Novel Biomarkers For Predicting Knee OA Progression

Researchers have found several biomarkers that hold promise as predictors of pain and structural worsening of knee osteoarthritis

Researchers have found several biomarkers that hold promise as predictors of pain and structural worsening of knee osteoarthritis (OA).

“A cure for osteoarthritis remains elusive and [its] management is largely palliative. The progression of knee OA is highly variable and difficult to predict [with] currently available clinical and imaging measures,” wrote Virginia Byers Kraus, MD, PhD, of the Duke Molecular Physiology Institute and Division of Rheumatology at Duke University School of Medicine in Durham, North Carolina and her colleagues.  “At present, there are no disease-modifying OA drugs approved by the US Food and Drug Administration (FDA) or European Medicines Agency.”

Some of the main obstacles to efficiently developing structure-modifying therapies for OA include its low responsiveness to change, and, at most, only a moderate correlation between radiographic data and clinical endpoints.

“The ultimate goals of this work are to provide new drug development tools to effectively enrich OA clinical trials with faster progressors and to qualify biomarker candidates that might serve as surrogates of efficacy in OA trials,” wrote Dr Byers Kraus and colleagues.

For this study, researchers investigated a targeted set of 18 biochemical biomarkers in serum and/or urine for their ability to predict knee OA-related radiographic and persistent pain progression over a 24 to 48 month follow-up compared with baseline.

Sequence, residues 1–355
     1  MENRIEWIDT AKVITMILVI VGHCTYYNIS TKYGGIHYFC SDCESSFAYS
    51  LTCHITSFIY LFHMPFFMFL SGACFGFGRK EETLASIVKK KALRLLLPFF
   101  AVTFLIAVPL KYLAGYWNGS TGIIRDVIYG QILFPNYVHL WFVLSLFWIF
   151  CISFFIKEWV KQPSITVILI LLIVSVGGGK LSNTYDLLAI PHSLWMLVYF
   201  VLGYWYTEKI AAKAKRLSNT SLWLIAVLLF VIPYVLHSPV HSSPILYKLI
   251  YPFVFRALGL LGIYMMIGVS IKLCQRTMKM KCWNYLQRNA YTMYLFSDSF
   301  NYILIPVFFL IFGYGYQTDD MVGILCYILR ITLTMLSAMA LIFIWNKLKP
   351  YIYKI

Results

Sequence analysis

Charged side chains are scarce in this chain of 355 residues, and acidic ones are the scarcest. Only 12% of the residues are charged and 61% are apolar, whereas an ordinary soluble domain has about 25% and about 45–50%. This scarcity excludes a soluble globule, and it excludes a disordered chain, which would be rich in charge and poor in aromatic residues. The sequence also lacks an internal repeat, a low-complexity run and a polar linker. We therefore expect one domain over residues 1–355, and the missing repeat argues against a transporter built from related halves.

High Yield Data Summary

  • The 12- and 24-month time-integrated concentrations of 8 catabolic biomarkers hold promise as predictors of pain and radiographic structural worsening of OA over 48 months. These included uCTXII, uC2C-HUSA, sHA, sNTXI, uNTXI,uCTXIα, uCTXIβ, sCTXI, and one anabolic biomarker, sPIIANP

They investigated 194 knees with OA as well as radiographic and persistent pain that worsened from 24 to 48 months in participants from the osteoarthritis initiative (OAI). They also investigated 406 control knees that lacked the combination of radiographic and pain progression needed for the experimental group. 

Comparator knees consisted of 3 subgroups: those with radiographic progression but not pain progression in either the study or contralateral knee (n=103); pain progression but not radiographic progression in either knee (n=103); and OA non-progressors (n=200) with no radiographic and no pain progression in either knee.

The 18 biomarkers were agreed upon through consensus of the Osteoarthritis Research Society International (OARSI)/FDA Biomarkers Working Group, and were measured at baseline, 12 months, and 24 months.

Biomarkers analyzed in serum alone were cartilage oligomeric matrix protein (COMP), hyaluronan (HA), C-propeptide of type II collagen, N-terminal propeptide of collagen IIA (PIIANP), chondroitin sulfate 846 epitope, the C-terminal crosslinked telopeptide of type I collagen (CTXI) and matrix metalloproteinase 3.